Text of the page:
|Posted by DrZSaatchian on December 3, 2015 at 8:10 AM|
By: Ziba Saatchian, PsyD
In part 1, we reviewed the causes of anxiety, the way anxiety can manifest in children, and some basic mistakes a parent can make in trying to help their child. In Part 2, we will be looking at some basic ways for engaging with your child to help find out what may be causing them to feel anxious.
Check in with your Child: When seeing possible signs of anxiety, take a moment to stop, and “notice, recognize, wonder, and offer to help.” Let your child know you “notice” they are having some big feelings, and “recognize” that this may be causing them some worries, and “wonder” what could be worrying them, and finally, “offer to help” them figure out a way to feel ok again.
Listen & hear: If you find that your child may not have the proper words to explain their worry, listen to their explanation, and if you are not sure what they are worried about, just repeat back to them what you believe their explanation was. Children will correct you if they feel misunderstood.
Help them recognize: If your child appears to struggle with verbalizing his/her feeling, ask them to locate where in their body they have the feeling, what the body feeling is, and what the feeling makes them want to do. This allows both of you to get a general idea of where they carry their feeling, how they physically process the feeling, and how they respond to the feeling. This will be a useful exercise and tool for the future.
Help them verbalize: As someone who has more experience with variety of feelings, you can help your child put their feelings into words, which will help feelings become closer to being manageable. It is easier to deal with something that is recognized and named, than a general, and unknown feeling.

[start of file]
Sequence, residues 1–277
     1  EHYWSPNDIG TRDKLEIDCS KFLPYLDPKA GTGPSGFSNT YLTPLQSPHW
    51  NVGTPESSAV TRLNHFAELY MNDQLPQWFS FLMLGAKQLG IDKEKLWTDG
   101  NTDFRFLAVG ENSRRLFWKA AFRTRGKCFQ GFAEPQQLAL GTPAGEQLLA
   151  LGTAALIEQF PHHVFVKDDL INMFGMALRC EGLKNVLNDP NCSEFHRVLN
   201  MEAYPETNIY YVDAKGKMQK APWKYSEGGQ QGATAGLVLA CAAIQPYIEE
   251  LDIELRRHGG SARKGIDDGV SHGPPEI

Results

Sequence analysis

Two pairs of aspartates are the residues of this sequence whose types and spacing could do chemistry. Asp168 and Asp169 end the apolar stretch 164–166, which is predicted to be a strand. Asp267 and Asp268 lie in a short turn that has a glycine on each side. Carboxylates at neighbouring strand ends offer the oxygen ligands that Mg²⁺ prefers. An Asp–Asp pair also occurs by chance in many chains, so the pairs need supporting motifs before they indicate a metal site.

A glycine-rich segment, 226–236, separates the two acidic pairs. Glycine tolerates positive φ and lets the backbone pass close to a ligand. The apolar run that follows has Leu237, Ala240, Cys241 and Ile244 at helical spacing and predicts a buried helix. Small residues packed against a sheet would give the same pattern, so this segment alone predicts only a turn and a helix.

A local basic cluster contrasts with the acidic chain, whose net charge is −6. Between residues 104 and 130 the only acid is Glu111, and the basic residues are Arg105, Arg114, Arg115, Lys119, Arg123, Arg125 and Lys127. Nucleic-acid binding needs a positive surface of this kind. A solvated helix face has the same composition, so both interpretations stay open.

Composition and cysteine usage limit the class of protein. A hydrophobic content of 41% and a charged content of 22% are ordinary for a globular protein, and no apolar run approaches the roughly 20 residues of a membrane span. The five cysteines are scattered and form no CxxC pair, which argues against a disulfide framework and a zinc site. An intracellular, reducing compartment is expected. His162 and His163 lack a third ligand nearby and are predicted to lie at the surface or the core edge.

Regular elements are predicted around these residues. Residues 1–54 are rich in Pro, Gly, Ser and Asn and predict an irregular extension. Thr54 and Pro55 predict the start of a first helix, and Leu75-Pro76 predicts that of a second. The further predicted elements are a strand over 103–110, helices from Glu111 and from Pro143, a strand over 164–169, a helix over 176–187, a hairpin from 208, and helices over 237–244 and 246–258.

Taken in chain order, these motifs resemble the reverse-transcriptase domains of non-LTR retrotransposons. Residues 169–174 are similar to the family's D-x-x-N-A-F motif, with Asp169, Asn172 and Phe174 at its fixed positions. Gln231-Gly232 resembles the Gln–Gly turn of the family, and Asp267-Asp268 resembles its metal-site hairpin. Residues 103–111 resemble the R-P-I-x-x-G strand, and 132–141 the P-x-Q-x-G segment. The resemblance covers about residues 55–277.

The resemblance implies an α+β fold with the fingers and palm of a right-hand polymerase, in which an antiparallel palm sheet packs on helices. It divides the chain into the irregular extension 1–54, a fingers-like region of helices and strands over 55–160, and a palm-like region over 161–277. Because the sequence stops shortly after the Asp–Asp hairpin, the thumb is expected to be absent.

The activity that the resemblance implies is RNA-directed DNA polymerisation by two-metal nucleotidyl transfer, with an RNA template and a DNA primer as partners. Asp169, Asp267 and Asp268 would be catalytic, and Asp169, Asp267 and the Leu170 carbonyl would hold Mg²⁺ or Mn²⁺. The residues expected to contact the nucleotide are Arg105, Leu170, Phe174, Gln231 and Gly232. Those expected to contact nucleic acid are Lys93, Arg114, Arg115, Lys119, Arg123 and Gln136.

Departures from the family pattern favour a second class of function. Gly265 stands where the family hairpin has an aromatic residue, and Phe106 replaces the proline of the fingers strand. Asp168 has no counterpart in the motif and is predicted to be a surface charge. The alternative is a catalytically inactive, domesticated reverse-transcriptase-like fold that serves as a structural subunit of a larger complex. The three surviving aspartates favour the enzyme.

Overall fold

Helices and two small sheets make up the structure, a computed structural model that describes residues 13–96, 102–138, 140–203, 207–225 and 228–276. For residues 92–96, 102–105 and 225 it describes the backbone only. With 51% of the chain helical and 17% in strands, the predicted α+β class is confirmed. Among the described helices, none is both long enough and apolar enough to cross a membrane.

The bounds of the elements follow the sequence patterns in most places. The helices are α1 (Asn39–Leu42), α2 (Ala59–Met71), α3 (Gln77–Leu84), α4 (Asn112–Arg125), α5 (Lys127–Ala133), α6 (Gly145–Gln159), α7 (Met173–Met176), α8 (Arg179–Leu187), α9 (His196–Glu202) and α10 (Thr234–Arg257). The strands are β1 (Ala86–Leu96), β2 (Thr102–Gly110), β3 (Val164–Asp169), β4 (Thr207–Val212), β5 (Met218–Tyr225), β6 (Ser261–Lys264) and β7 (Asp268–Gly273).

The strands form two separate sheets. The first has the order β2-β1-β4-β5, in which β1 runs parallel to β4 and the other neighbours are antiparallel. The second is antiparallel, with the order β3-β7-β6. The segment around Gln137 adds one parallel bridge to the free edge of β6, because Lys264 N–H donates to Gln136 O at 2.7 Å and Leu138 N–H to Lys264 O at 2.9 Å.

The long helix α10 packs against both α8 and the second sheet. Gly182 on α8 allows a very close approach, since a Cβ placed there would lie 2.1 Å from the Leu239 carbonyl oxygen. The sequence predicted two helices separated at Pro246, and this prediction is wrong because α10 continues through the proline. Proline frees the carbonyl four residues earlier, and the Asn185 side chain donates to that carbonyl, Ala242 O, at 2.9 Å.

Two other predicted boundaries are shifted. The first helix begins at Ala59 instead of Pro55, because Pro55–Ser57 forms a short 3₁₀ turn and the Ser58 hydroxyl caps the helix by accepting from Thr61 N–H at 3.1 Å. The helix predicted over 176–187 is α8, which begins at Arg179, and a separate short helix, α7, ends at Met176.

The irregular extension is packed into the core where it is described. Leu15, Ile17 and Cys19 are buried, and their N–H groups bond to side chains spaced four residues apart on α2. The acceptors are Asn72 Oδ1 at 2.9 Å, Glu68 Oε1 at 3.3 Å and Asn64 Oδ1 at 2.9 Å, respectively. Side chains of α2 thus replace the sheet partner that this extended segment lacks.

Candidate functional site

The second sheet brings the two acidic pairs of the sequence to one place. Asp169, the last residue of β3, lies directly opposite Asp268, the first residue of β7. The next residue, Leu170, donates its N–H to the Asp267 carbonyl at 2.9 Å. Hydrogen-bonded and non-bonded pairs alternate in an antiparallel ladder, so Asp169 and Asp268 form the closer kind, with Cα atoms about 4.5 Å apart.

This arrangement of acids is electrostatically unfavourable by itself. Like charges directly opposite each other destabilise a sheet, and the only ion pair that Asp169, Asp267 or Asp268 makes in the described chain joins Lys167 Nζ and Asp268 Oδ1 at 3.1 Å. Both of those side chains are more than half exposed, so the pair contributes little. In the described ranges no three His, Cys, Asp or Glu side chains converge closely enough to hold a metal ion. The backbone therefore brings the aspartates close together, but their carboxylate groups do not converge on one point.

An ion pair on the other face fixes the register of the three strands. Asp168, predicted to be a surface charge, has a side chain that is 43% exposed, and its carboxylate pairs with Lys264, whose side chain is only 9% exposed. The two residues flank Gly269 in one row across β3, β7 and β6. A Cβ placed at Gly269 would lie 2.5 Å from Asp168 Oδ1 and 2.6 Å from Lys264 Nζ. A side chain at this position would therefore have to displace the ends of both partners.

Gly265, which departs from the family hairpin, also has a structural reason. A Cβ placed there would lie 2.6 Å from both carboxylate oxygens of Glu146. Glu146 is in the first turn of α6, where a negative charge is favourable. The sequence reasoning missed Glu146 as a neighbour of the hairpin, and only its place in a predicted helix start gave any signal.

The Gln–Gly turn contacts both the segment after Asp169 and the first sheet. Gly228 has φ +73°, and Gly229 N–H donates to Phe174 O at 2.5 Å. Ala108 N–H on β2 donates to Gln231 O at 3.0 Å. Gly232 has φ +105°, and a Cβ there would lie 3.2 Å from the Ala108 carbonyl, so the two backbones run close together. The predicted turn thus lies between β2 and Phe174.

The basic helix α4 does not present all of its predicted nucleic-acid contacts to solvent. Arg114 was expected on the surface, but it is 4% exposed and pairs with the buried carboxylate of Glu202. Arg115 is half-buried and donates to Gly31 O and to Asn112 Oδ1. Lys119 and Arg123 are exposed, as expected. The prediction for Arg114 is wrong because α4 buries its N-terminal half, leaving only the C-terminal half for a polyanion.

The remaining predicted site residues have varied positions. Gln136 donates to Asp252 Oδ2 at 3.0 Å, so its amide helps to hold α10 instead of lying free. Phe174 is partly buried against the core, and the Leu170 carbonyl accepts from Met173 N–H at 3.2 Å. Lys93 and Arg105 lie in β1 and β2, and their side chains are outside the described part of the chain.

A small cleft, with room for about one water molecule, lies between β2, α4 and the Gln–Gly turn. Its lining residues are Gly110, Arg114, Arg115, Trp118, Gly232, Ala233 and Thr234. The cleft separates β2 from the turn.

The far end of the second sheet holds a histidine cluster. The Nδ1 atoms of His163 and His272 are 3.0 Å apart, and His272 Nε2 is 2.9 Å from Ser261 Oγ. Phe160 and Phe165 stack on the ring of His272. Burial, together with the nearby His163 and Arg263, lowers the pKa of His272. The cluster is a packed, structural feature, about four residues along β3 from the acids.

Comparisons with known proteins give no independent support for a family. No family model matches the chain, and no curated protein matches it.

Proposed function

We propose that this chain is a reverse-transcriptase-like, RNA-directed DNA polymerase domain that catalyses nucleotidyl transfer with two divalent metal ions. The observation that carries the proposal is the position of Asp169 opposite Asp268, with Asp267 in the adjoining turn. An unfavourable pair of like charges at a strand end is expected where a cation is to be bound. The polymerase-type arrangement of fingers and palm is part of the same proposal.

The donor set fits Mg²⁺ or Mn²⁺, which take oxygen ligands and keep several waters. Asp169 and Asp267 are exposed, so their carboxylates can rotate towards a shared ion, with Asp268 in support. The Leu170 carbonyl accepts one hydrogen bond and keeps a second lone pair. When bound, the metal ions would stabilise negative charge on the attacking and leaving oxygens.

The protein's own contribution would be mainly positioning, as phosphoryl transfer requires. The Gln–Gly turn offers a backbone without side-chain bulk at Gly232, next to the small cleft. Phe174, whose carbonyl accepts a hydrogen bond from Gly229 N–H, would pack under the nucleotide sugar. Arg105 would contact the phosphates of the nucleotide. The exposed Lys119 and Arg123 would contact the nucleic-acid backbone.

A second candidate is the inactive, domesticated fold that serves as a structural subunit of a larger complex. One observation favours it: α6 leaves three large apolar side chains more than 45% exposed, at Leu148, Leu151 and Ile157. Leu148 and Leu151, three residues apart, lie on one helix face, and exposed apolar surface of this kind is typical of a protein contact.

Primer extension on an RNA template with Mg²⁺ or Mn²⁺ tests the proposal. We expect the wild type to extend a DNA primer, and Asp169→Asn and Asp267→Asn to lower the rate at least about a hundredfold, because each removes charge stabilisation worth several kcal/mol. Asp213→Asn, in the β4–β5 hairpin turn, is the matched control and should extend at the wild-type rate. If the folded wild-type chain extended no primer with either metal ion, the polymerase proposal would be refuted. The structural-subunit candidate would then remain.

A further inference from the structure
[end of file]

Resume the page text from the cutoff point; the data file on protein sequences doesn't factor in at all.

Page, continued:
Make sure to validate, normalize and empathize: It’s important for you to recognize the validity of worries and fears for your child, and normalize these feelings as something that is experienced by most children, and adults (even you). You can then do a reality check, and if their worry is real, have them face the reality of their worries. But make sure to let them know that they have the ability to face and overcome their worries, so that their worries, are not strengthened.
Help them understand Anxiety: Explain the origins and benefits of worries and fears, and that anxiety’s original, healthy, purpose is to help us take action when needed, and to help us get out of potentially harmful situations. Let them know that once worries and fears become excessive, or unrealistic, and begin to interfere with daily activities, and make us stay away from joining in group activities, then it is no longer helpful.
To be continued….. In part 2, we looked at some basic ways for engaging with your child to help find out what may be causing them to feel anxious. In Part 3 we will be looking at tools you can provide your child with to empower him/her.
Note: According to the 2015 Child Mind Institute Children's Mental Health Report anxiety, at around 40%, is one of the most common mental health disorders in children, with 80% of children with diagnosable anxiety disorder not getting treatment. The median age of anxiety disorders is age 6. During childhood, anxiety is more prevalent in boys than girls.
Anxiety, as well as depression in children are highly treatable. However if left untreated, children with anxiety and depression are more likely to struggle in school and social situations, and engage in unhealthy ways to soothe their difficult emotions.
If you need more help, please feel free to contact Dr. Ziba Saatchian @ 818-275-0136.
About Dr. Ziba Saatchian:
Ziba Saatchian, PsyD PSB 94020175 is a psychotherapist in private practice working as a psychological assistant under the supervision of Margaret Donohue, PhD PSY9038. She specializes in working with children, adolescents and their families, as well as individuals struggling with depression, anxiety and childhood trauma.